As we move from the pictures of sad-faced, wandering Kosovo children to the fresh news of brutal violence among our own children in Colorado, once again, tragically and desperately, we grope for explanations and understanding. What kind of a world have we created? What kind of a nation are we and where are we going? Judging from the amount of discussion in our newspapers, on television and radio, over coffee, we are engaged in a powerful moment of national self-reflection. For those of us who are religious, we even ask, "Why, oh God, have you turned your face from us?"
The prominent voices of our culture seem very shrill and hollow at this moment - the voice of politics, the voice of the movies or radio talk shows, even the learned voice of higher education. We need wisdom, desperately, and we realize in these moments we have cut ourselves from most ancient sources of wisdom.
In Dostoyevsky's great and wise novel "The Brothers Karamazov," Ivan Karamazov makes a penetrating observation: When we see children suffer in our midst, we are forced to ask the deepest of questions. We can witness suffering all around us and go about our ways, numb and indifferent, but if just one child suffers, Ivan says, we question the very existence of God. The worldview by which we make sense of life in ordinary times is shaken to the core. Faced with the mystery of innocent suffering, we ask the deeper questions and our answers seem so inadequate.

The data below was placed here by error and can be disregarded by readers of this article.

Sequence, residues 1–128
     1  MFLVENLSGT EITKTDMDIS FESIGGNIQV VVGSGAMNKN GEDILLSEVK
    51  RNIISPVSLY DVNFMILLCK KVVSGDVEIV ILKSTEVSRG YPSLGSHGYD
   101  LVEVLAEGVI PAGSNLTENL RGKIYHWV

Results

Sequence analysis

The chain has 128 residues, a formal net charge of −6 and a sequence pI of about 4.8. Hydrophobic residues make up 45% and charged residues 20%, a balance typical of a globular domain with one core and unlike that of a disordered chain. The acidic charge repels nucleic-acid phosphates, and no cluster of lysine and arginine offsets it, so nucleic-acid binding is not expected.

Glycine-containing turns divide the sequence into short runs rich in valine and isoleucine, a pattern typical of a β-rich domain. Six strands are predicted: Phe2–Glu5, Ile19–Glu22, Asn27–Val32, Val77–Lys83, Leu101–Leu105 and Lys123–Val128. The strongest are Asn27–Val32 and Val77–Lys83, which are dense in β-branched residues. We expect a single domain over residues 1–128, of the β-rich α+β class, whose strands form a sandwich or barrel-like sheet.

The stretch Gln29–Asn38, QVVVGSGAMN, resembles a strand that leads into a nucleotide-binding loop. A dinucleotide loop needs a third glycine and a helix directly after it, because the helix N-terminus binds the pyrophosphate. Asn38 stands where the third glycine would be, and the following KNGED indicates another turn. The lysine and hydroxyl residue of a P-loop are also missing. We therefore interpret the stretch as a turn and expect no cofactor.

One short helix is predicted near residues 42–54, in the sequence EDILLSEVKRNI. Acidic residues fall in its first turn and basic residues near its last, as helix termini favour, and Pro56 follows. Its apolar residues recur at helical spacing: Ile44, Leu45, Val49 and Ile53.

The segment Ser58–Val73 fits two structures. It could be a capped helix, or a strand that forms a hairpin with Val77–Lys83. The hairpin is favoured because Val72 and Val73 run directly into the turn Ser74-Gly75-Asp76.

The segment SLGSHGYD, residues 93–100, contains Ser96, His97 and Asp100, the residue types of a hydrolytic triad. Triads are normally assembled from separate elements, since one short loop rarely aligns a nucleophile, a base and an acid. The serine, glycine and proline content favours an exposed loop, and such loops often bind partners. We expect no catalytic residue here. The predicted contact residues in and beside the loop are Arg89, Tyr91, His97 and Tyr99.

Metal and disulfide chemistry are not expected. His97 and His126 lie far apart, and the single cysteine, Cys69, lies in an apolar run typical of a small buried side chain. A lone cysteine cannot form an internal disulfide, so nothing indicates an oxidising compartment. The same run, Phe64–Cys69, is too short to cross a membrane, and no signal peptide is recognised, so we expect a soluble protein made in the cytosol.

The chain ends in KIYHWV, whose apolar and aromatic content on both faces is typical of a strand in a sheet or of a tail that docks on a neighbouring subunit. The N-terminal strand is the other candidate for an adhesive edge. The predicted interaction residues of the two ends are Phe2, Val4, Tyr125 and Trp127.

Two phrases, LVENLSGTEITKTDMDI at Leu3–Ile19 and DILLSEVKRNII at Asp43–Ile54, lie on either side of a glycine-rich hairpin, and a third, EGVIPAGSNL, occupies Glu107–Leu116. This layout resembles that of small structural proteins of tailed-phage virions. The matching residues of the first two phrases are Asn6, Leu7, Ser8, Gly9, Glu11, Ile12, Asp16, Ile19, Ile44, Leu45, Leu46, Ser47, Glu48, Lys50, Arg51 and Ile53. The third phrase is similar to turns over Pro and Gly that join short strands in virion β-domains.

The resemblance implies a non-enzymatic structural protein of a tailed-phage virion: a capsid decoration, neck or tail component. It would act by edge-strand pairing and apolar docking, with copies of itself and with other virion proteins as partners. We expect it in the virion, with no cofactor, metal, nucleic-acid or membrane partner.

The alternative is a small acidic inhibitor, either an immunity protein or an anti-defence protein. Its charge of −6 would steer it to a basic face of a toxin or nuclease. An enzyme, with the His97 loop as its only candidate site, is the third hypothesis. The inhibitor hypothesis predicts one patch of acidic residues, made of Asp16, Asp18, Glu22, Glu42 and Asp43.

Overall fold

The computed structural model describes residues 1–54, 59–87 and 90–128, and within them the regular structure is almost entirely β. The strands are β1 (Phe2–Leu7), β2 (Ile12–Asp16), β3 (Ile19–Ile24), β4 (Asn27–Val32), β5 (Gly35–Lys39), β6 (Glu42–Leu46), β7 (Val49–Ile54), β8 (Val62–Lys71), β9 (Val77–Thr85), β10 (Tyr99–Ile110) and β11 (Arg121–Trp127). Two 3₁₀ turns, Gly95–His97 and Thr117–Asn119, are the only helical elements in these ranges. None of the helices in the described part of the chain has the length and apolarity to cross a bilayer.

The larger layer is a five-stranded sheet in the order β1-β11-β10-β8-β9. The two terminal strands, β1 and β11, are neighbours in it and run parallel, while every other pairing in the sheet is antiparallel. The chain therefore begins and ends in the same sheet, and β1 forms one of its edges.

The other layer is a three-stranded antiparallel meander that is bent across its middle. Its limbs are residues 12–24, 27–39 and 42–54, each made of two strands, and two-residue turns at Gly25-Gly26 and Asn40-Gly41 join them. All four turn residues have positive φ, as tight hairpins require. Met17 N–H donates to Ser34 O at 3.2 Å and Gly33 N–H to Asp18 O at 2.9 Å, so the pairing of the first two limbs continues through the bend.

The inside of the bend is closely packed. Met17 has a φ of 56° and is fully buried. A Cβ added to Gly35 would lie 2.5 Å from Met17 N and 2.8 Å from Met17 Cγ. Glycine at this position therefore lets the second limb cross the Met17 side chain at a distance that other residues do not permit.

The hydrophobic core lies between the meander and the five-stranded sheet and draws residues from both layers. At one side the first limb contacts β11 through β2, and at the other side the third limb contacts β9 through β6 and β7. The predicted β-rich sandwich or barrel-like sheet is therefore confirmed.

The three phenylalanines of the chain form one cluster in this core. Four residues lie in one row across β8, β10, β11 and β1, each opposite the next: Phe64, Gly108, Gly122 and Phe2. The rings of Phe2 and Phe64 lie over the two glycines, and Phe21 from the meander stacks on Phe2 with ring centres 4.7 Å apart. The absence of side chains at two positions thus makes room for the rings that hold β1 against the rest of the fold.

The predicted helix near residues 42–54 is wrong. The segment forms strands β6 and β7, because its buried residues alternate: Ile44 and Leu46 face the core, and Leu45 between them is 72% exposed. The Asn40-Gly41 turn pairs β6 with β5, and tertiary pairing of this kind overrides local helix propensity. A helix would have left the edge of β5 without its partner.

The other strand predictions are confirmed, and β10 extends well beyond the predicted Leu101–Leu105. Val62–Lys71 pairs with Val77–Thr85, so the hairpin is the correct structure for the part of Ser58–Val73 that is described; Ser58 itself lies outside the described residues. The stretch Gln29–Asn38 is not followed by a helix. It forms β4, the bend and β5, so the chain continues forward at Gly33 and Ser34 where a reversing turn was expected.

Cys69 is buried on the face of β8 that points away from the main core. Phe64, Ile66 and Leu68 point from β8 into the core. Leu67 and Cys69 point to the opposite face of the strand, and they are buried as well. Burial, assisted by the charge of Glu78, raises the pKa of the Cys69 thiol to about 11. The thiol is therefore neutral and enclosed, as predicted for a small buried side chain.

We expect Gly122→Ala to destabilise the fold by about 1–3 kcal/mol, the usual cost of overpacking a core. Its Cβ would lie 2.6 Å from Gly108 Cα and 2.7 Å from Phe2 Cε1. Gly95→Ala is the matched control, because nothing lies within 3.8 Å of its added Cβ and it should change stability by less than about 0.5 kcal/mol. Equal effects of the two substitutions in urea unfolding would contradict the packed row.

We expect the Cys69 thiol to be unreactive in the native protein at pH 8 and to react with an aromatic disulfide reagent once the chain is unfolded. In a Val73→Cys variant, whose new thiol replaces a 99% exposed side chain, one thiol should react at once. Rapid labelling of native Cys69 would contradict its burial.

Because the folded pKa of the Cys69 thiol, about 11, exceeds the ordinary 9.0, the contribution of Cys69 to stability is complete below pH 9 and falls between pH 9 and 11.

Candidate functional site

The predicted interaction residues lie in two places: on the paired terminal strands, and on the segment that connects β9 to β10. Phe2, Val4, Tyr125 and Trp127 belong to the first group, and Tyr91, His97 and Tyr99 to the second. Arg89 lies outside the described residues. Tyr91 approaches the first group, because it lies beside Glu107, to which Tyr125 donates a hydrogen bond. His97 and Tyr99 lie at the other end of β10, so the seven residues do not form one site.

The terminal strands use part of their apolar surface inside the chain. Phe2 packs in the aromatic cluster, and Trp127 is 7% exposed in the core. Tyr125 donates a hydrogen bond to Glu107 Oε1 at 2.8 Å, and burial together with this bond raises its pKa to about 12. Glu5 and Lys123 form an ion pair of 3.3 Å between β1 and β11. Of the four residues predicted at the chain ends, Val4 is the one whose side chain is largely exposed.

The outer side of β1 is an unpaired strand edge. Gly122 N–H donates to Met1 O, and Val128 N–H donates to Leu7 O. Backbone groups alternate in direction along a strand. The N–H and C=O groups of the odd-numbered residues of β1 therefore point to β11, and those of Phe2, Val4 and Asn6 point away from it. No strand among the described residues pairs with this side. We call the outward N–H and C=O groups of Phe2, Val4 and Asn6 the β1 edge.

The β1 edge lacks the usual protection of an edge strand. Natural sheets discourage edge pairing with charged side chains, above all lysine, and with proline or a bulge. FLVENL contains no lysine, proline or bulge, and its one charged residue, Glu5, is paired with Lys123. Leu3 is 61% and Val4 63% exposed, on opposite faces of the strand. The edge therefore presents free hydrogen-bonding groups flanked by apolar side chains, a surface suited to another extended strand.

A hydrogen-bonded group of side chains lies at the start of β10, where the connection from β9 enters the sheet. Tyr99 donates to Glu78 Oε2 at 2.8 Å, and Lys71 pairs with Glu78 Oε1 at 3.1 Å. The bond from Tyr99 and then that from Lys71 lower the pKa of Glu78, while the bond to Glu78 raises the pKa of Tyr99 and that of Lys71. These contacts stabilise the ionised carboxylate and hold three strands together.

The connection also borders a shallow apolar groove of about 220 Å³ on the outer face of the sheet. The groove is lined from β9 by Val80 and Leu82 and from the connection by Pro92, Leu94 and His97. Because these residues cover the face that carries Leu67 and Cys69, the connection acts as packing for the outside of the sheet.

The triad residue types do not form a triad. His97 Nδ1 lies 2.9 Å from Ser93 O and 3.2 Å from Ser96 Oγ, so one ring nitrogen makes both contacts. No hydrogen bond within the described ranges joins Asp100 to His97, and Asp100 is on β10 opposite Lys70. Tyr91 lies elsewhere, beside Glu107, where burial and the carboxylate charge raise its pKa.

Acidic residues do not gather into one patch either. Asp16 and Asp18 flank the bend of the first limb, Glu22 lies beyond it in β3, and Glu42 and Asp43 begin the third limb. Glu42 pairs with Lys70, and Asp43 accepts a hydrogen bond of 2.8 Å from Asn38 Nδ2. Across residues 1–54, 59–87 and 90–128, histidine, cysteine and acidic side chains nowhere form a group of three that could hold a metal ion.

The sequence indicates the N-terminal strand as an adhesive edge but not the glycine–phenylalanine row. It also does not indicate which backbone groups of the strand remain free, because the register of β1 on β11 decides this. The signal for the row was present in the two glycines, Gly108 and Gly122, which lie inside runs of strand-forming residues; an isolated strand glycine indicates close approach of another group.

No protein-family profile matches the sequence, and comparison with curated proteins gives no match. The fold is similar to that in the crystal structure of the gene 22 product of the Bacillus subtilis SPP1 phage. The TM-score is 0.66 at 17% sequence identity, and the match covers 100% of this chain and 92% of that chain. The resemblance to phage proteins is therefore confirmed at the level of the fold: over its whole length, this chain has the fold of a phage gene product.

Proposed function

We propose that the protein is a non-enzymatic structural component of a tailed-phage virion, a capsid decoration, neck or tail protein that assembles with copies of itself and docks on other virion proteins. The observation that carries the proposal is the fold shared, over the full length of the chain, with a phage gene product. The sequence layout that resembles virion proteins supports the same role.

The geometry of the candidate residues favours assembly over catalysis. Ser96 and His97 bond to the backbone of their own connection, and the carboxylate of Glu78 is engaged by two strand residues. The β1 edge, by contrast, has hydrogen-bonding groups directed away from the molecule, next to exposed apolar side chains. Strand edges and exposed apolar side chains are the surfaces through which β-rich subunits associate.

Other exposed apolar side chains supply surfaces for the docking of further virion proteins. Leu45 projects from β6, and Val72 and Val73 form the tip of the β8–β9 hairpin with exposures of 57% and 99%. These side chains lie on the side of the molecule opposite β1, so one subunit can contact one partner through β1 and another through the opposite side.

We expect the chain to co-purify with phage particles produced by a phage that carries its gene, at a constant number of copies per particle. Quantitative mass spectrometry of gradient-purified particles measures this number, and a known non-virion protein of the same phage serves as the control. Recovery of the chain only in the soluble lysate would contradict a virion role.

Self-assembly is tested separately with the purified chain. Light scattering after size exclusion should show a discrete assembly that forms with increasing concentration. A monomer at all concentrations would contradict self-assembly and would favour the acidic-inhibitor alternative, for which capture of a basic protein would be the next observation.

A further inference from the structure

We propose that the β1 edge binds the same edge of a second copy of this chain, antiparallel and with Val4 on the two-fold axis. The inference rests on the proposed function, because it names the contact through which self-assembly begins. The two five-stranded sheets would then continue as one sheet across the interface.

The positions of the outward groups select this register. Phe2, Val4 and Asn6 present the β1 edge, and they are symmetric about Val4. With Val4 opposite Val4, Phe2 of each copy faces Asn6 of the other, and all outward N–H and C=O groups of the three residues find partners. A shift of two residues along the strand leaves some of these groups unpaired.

In the Wall Street Journal recently, Peggy Noonan reminded us of Pope John Paul's discussion of the culture of death. "The kids who did this are responsible," Noonan says. "They did it. They killed. But they came from a place and a time, and were yielded forth by a culture." This is where we should focus our most serious attention.
At these tragic moments, events that seem now to repeat themselves over and over, we understand in shocking new ways that we have created a culture that promotes death instead of life. We have learned how to speak a language of death, and we are not even fully aware that this has become our primary language. We have projected an imagination of darkness onto the screens of our lives and none of us is free from the consequences. It is a culture of death, a culture that revels in darkness instead of light. Surely, the Pope is on to something here, something at the deeper levels.
Our movies, our video games and our TV promote a fantastic reveling in death. I am not here just ragging on the media, seeking to find some easy answer, but isn't it true that in the imagination of darkness, life becomes cheap? In the culture of death, shaped and expressed through the power of imagination, we have failed to distinguish between fantasy and real life, between darkness and light, between death and life.
And this culture of death is complicated by a terrible irony in our public square. In a world where we prize tolerance and promote permissiveness, we have outlawed the sources of wisdom that might guide toward what is right rather than wrong. Our greatest fear is that we might offend someone.